Bipartisan win for Americans and President Trump as U.S. Senate passes a landmark Prison Reform Bill

This week, the United States (U.S.) Senate approved the most sweeping prison reform bill in decades, voting to cut sentences of tens of thousands of inmates while also boosting access to programs designed to keep them from ending up back behind bars again. The measure cleared with an 87 – 12 vote and marks a major bipartisan victory for President Trump, who had pressured Republican leaders to pass it this year, before lawmakers closed down Congress. The bill still needs approval in the House, where a vote is expected before the end of this week.

Called the First Step Act, the legislation will expand prison programs designed to reduce recidivism and allow some prisoners to earn credits toward early release by taking part in those programs. The bill also reduces some maximum mandatory sentences, such as ending the three-strikes life-in-prison penalty and replacing it with a 25-year maximum. Backers said the credits would earn inmates a faster opportunity to enter a halfway house or be put on home detention.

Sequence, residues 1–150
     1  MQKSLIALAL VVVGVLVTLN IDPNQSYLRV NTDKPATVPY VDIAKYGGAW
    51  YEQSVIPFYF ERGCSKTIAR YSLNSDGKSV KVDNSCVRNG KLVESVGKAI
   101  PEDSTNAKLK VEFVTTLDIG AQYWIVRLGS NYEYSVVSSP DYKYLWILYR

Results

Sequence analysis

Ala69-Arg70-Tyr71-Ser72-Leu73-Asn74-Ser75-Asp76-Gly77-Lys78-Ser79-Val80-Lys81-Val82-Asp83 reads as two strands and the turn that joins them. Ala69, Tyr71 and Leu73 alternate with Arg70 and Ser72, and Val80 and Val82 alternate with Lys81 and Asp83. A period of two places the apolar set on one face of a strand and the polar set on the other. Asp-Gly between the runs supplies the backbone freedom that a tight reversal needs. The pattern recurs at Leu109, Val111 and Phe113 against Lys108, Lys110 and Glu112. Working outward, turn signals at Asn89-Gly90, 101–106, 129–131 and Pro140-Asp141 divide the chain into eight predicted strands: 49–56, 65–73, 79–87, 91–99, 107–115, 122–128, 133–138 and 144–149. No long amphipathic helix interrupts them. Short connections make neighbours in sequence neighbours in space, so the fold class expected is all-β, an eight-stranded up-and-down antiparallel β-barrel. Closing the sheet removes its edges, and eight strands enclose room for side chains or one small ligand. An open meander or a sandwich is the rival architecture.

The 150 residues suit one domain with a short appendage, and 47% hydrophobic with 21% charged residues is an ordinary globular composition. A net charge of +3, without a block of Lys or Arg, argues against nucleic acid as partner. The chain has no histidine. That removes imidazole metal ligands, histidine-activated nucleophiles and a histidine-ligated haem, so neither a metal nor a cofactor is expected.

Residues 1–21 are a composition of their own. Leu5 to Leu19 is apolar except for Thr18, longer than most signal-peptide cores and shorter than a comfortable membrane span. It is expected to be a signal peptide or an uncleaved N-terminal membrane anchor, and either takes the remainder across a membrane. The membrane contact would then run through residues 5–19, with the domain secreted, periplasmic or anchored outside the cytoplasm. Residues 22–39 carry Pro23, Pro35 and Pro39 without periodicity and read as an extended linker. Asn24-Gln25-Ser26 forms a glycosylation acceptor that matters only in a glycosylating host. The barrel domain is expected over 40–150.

Senator Rand Paul, Kentucky Republican who had made a crusade out of reforming sentencing, said “This prison and sentencing reform bill is a much-needed first step toward shifting our focus to rehabilitation and re-entry of offenders, rather than taking every person who ever made a mistake with drugs, locking them up, and throwing away the key.

The core of the deal was written by Senator Chuck Grassley, the Republican chairman of the Judiciary Committee, and Senator Richard Durbin, a senior Democrat. The bill applies only to federal prisons, which hold far fewer people than state prisons. It includes new rules on keeping inmates in facilities close to their homes where possible and pushes for them to be put in home confinement for the maximum time allowed.

An early version of the bill would have released an average of 53,000 federal inmates a year over the next decade, according to the Congressional Budget Office, which is more than a quarter of the current inmate population.